Joseph: "That seems logical enough, I suppose. I see you have a particularly nice shield there, and a nice sword there, and one or two piles of fine-quality steel for making excellent future swords. I will gladly take those in trade for this magnificent sword."
Glen Slatherin: "What?! Are you out of your wits? I'm not going to give you my finest shield, my nicest sword and my piles of fine steel for a sword that might break during the tourney! And what if, tomorrow morning, I cannot afford the polish required for such a magnificent sword? You, sir, ask too much of this poor wizard."
Joseph: "But your golden castle! I thought you said--"
Glen Slatherin: "You forget, sir, that the polish merchants have also seen my golden castle, and charge me three times the normal rate for my weapons. Hence, the uncertainty. However, I can give you this nice little spring-loaded dagger in exchange."
(Glen Slatherin shows him a small, excessively-jeweled dagger hilt. He presses a button, and a miniscule, rusty blade pops out.)
Glen Slatherin: "It is one of the prizes of my collection. I call it Seal Ovary."
Joseph: "Ah, sir, your hand is bleeding badly."
Glen Slatherin: "Ay, when you press the button, a much larger, sharper blade doth slice through your palm. Still, a fine weapon, is it not?"
Joseph: "It looks strangely familiar. Still, if I cannot hope to acquire your best shield and such and such, I must be on my way to this morning's tourney. Good day, sir."
(Joseph the New was now very close to the tourney grounds, and feeling more confident with each step, until he is waylaid a fourth and final time by a dashing man dressed in purple finery.)
Dashing Man: "Out of my path, knave!"
Joseph: "Why, it's none other than my neighbor, Dean the Lame Bard! Hullo there!"
Dean the Lame: "I see that you, too, are headed to this morning's tourney, but are directly in my own path."
Joseph: "That does seem to be a problem for you, for I had heard that you would be way out in front of me by now, what with your superior weaponry that is the envy of the entire village."
Dean the Lame: "Ay, every morning I woo the village idiots with exaggerated tales of my marital prowess, but alas, more times than not, I do not even make it to the tourney grounds themselves."
Joseph: "Were you not there yesterday morning?"
Dean the Lame: "Ay, but for a mere moment, before politely excusing myself. However, if I had that magnificent sword you hold there, I would surely advance far in the tourney ranks, before politely excusing myself. You must give it to me."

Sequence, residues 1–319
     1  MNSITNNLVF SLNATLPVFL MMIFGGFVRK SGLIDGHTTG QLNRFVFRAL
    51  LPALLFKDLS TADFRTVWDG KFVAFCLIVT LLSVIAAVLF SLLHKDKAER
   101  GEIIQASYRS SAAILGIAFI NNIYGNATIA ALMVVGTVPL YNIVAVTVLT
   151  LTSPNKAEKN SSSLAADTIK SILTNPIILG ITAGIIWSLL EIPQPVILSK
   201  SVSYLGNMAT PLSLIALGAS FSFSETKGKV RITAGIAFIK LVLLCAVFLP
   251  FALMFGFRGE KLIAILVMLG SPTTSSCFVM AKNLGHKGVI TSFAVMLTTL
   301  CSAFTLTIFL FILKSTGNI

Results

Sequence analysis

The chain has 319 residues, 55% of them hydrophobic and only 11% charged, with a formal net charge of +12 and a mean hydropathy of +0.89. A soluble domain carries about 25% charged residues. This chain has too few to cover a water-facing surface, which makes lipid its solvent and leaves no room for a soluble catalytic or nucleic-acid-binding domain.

Joseph: "I do not want to part with it, but I will hear what you have to offer in trade."
Dean the Lame: "How about this, my peerless greatsword The Dekopitator? You will find no equal anywhere in this village."
Joseph: "Ah, but that is merely a dull dagger made to look larger with the aid of that mirror you hold! What else can you offer?"
Dean the Lame: "I have the legendary greataxe, Brown Dust, the envy of the village! An unfair trade to me, but I will accept it nonetheless."
Joseph: "Ah, but that axe's hilt is covered with slippery grease, and I fear it would fall to the ground like a bag of lead the instant I wielded it. What about that fine, unpolished sword you have hidden behind your--"
Dean the Lame: "Absolutely not."
Joseph: "A shame. I have one quite like it at my own tent. A pity we could not do business, but I must be on my way, the tourney grounds draw near."
Dean the Lame: "But your sword! You have not given it to me for next-to-nothing! Are you not worried that the village idiots will make japes of you for not disposing of your fine sword before entering the tourney?"
Joseph: "I'm not sure I follow you, sir."
Dean the Lame: "Why, trading swords is a time-honored tradition! In fact, twice in the last thirty mornings, he who traded for the best sword before entering the tourney won the prize!"
Joseph: "Ah, and this has happened just twice in the last thirty days, this trading of swords so close to the grounds?"
Dean the Lame: "No, hundreds of times."
Joseph: "Ah, but those are terrible odds!"
Dean the Lame: "Yes, but at least you won't get made fun of by the village idiots. Trust me, nothing could be worse!"
Joseph: "But don't these village idiots understand that my only wish is to win glory and renown in the tourney, and that their japes and jests mean nothing to me?"
Dean the Lame: "The finer points of your convoluted logic are lost to them. Ah! A large, shiny object covered in oil! I shall be veering from my path now."
Joseph: "Fare thee well, purple bard, altho in truth I would very much like to meet him and his inflated weaponry in the tourney. Come, now, my fine sword, we are nearly at the grounds, and full of brim and gusto. Right ho!"
(To be continued...)